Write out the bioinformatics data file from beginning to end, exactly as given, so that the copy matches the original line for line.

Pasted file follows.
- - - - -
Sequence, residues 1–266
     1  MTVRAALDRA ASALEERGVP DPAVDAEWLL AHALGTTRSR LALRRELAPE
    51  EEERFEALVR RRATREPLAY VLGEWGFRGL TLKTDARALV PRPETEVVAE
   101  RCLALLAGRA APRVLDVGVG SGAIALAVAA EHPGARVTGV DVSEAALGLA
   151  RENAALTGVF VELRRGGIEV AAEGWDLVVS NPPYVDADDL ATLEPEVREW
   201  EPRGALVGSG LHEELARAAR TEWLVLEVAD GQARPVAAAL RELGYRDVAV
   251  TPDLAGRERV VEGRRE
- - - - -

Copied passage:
Sequence, residues 1–266
     1  MTVRAALDRA ASALEERGVP DPAVDAEWLL AHALGTTRSR LALRRELAPE
    51  EEERFEALVR RRATREPLAY VLGEWGFRGL TLKTDARALV PRPETEVVAE
   101  RCLALLAGRA APRVLDVGVG SGAIALAVAA EHPGARVTGV DVSEAALGLA
   151  RENAALTGVF VELRRGGIEV AAEGWDLVVS NPPYVDADDL ATLEPEVREW
   201  EPRGALVGSG LHEELARAAR TEWLVLEVAD GQARPVAAAL RELGYRDVAV
   251  TPDLAGRERV VEGRRE